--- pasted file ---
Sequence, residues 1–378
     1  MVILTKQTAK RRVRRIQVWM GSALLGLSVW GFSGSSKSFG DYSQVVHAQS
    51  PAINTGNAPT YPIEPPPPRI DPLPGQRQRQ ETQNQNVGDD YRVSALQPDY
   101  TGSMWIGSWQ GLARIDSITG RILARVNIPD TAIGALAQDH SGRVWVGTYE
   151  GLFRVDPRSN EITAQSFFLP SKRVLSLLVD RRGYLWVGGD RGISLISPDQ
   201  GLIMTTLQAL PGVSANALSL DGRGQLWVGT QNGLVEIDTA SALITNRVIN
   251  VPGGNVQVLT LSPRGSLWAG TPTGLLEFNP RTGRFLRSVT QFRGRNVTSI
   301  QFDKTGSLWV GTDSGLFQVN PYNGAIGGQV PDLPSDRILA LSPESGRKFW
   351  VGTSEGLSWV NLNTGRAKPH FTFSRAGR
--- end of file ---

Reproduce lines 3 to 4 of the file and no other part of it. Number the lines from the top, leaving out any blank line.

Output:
    51  PAINTGNAPT YPIEPPPPRI DPLPGQRQRQ ETQNQNVGDD YRVSALQPDY
   101  TGSMWIGSWQ GLARIDSITG RILARVNIPD TAIGALAQDH SGRVWVGTYE